By Pedro Faria, Technical Director, CDP
This week Walmart became the 26th company to successfully set greenhouse gas emissions reduction targets that are in line with what climate science says is necessary to keep global warming below two degrees centigrade. Approving Walmart's science-based target marks a turning point for the Science Based Targets initiative - a partnership between CDP, WWF, WRI and the UN Global Compact. Walmart is not only the first retailer to have set a Science Based Target, it is also the world's largest retailer. Indeed, Walmart ranks 15th on Forbes' Global 2000 list of the world's biggest and most powerful public companies, as measured by a composite score of revenues, profits, assets and market value. Given the scale of the company's operations and market capitalization, this shows that, science-based targets are quickly going mainstream.
Walmart has committed to reduce its absolute emissions by 18% by 2025, from 2015 levels. Walmart will also work with suppliers and customers to reduce greenhouse gas emissions from the manufacture and use of their products by one billion tons between 2015 and 2030. The vast majority of Walmart's emissions are located in its value chain so this latter target (known as scope 3) is particularly significant. Indeed, the requirement for companies to set scope 3 targets is one thing that sets the Science Based Target initiative apart. If emissions from a company's value chain account for more than 40% of the total, then our experts require it to set an ambitious and measurable target to reduce these emissions within a clear time-frame. The good news for Walmart is that many of their suppliers - including Dell, Diageo, General Mills, Kellogg, and Sony - already have science-based targets.
What does this mean for global warming?
The direct emissions reductions Walmart has promised to make will prevent tons of CO2 from entering the atmosphere over the next decade. In addition, the knock-on effect up and down their value chain will multiply the positive impact that the company's move will have on global emissions. Beyond this, the example that Walmart's leadership sets is hugely significant and will help generate momentum to spur other retailers and consumer-facing companies to follow suit. The potential for businesses to play a positive role in driving down global emissions, and ensuring the world meet its pledges made in the Paris Agreement is immense. And without ambitious leadership and innovation from business, governments will fail to close the gap between projected emissions and the levels that scientists say are safe.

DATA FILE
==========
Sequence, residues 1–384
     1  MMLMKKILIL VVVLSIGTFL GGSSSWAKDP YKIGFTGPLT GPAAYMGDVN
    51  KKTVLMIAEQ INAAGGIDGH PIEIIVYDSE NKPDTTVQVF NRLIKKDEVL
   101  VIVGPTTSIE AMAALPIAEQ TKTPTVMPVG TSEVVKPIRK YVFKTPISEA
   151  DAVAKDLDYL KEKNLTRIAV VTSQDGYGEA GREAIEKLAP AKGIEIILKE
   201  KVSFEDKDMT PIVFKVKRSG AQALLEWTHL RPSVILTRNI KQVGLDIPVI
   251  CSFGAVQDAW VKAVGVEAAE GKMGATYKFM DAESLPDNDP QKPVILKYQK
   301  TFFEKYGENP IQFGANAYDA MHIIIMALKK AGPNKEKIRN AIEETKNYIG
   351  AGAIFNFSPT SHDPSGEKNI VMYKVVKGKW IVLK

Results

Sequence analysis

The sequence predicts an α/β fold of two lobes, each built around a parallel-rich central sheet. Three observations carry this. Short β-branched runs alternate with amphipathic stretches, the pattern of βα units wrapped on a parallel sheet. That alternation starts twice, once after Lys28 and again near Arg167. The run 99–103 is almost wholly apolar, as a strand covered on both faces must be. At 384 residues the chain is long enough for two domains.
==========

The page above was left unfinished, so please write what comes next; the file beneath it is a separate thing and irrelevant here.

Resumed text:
In the end, this leadership will also benefit the companies themselves. As Diane Holdorf, Chief Sustainability Officer at Kellogg Company explains: "Science Based Targets help protect the planet for the long term, on which our business depends." In setting a Science Based Target, Walmart has joined a group of the world's most progressive companies. The 193 companies that have committed to setting science-based targets (including the 26 that have had their targets approved) realise the growth opportunity that tackling climate change presents and are reducing their emissions enough to be ahead of the game. They are not only preparing themselves for a smooth transition to the low-carbon economy, but are also incentivising others to do the same. At the Science Based Targets initiative, our goal is for science-based target setting to become standard business practice. Walmart's move shows that this is well on the way to happening.